Nov 16

Alderson shows leadership in managerial search

That Sandy Alderson is continuing the search for a new manager in the aftermath of his father’s death shows true leadership and commitment; it shows the taking of responsibility. I have a feeling whomever he chooses will be a sound choice, one who is probably every bit the leader Alderson is proving to be.

I’ve read with great interest about the lack of discipline in the Mets’ clubhouse and the need for an iron hand. This is another point in Terry Collins’ favor.

If there was a lack of discipline, it stems from the previous administration. Both Jerry Manuel and Omar Minaya were passive and too easy going and the players knew what they could and couldn’t get away with. Give a child an inch and he’ll take a mile.

Never was this more evident than in the case of Oliver Perez, whose selfishness forced the Mets to go with 24 players. Minaya was supposedly tight with the Hispanic players, but had no influence in the Perez case. Manuel, it was clear, had already lost the clubhouse at the end and couldn’t exert any authority, whether it be with Perez or anybody else for that matter.

To see Perez impose his will killed the clubhouse and the concept of team. But, too many other players had their own agendas long before Perez strangled the team.

It was obvious as the season faded that the Mets played with a lack of discipline. I don’t know if you’d call it a sense of entitlement as you would playing without passion or a fundamentally sound base.

Part of discipline should come from within, but a strong willed manager is essential in the molding part of a team. With some teams, you know there’s no questioning the authority of the manager. It’s that way in Boston and Philadelphia and St. Louis. It hasn’t been that way with the Mets.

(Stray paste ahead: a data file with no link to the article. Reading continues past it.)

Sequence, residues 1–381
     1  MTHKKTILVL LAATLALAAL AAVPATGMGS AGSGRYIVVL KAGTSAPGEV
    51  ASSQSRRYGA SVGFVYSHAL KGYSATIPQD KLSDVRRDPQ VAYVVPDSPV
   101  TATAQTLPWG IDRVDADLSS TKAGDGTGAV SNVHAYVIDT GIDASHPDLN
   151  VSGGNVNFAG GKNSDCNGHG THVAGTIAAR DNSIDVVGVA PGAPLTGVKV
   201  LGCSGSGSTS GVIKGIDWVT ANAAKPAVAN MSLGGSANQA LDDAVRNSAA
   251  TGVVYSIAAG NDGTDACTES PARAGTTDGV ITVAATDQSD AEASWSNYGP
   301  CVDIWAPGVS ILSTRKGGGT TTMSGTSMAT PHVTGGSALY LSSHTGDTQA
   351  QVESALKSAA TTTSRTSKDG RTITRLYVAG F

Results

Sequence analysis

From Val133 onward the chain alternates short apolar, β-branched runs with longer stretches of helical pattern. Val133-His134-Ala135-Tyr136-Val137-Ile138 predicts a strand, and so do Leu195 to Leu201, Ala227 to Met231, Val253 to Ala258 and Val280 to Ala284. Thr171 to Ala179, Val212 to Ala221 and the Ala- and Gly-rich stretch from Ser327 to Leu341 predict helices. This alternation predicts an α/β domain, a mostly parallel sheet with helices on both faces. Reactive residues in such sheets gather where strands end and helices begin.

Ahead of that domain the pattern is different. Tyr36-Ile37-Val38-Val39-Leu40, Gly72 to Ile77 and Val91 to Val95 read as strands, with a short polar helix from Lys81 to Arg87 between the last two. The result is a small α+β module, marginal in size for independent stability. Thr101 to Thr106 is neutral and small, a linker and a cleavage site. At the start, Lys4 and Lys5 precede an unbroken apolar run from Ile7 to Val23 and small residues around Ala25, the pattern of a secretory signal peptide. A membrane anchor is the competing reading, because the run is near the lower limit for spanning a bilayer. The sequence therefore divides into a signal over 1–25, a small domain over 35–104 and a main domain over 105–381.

When concentration wanders and at-bats are given away, both by the hitters and pitchers, a team looks lackluster and players fail to take accountability.

There’s a right way and a wrong way to play the game, and too often the Mets played the wrong way. And, there’s not a player not at fault.

Oct 23

Quote of the Day: Gillick: Hatred for Mets spurred Phils.

Gillick: Hatred of Mets spurred Phillies.

Gillick: Hatred of Mets spurred Phillies.

Retiring Phillies general manager Pat Gillick told Bill Madden of The New York Daily News at the World Series his team’s hatred for the Mets, coupled with the disdain other teams in the NL East had for the Mets, acted as inspiration. Teams just didn’t like the celebrations and their swagger, perhaps sense of entitlement, they’ve had since 2006.

Said Gillick: “If you want to know the best thing we had going for us this year, it was the fact that all the other teams in our division hated the Mets’ guts. It started with Atlanta and all the hostility they had with the Mets through the years. Then Fredi Gonzalez left Bobby Cox to manage the Marlins and he didn’t forget everything that went on between the Braves and Mets. Look what Florida did for us the past two years (beating the Mets two out of the three in each of the last series of the season to prevent them from making the postseason). Washington doesn’t like them very much either, and all those teams seemed to really get up for the Mets.”

Both Jose Reyes and Carlos Delgado took the celebrations outside the dugout, but each said they weren’t hurting anybody. In the end, they may have just been hurting themselves.

Hey, it’s not a shot at Reyes, but when an executive of your bitterest rival says the perception of your team is poor, you’d better listen. If the Mets are listening, they should realize Gillick is doing them a favor.